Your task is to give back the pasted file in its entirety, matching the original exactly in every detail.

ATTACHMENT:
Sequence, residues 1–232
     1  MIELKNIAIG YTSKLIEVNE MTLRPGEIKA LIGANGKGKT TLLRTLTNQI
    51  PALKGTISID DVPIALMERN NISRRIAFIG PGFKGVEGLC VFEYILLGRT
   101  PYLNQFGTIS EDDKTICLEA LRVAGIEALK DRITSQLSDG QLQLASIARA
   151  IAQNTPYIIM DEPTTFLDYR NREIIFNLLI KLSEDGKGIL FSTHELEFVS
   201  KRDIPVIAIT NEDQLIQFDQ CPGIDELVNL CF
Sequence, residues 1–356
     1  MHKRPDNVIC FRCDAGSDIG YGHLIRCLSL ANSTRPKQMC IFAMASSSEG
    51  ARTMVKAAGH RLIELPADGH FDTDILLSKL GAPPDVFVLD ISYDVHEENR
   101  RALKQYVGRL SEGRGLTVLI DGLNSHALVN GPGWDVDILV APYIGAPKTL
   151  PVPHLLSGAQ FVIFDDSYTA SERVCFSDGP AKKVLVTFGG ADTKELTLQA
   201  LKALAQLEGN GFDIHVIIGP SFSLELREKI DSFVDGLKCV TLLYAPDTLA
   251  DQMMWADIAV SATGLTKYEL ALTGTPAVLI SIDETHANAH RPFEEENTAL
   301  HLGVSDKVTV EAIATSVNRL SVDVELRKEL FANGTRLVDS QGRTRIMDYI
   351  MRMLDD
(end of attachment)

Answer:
Sequence, residues 1–232
     1  MIELKNIAIG YTSKLIEVNE MTLRPGEIKA LIGANGKGKT TLLRTLTNQI
    51  PALKGTISID DVPIALMERN NISRRIAFIG PGFKGVEGLC VFEYILLGRT
   101  PYLNQFGTIS EDDKTICLEA LRVAGIEALK DRITSQLSDG QLQLASIARA
   151  IAQNTPYIIM DEPTTFLDYR NREIIFNLLI KLSEDGKGIL FSTHELEFVS
   201  KRDIPVIAIT NEDQLIQFDQ CPGIDELVNL CF
Sequence, residues 1–356
     1  MHKRPDNVIC FRCDAGSDIG YGHLIRCLSL ANSTRPKQMC IFAMASSSEG
    51  ARTMVKAAGH RLIELPADGH FDTDILLSKL GAPPDVFVLD ISYDVHEENR
   101  RALKQYVGRL SEGRGLTVLI DGLNSHALVN GPGWDVDILV APYIGAPKTL
   151  PVPHLLSGAQ FVIFDDSYTA SERVCFSDGP AKKVLVTFGG ADTKELTLQA
   201  LKALAQLEGN GFDIHVIIGP SFSLELREKI DSFVDGLKCV TLLYAPDTLA
   251  DQMMWADIAV SATGLTKYEL ALTGTPAVLI SIDETHANAH RPFEEENTAL
   301  HLGVSDKVTV EAIATSVNRL SVDVELRKEL FANGTRLVDS QGRTRIMDYI
   351  MRMLDD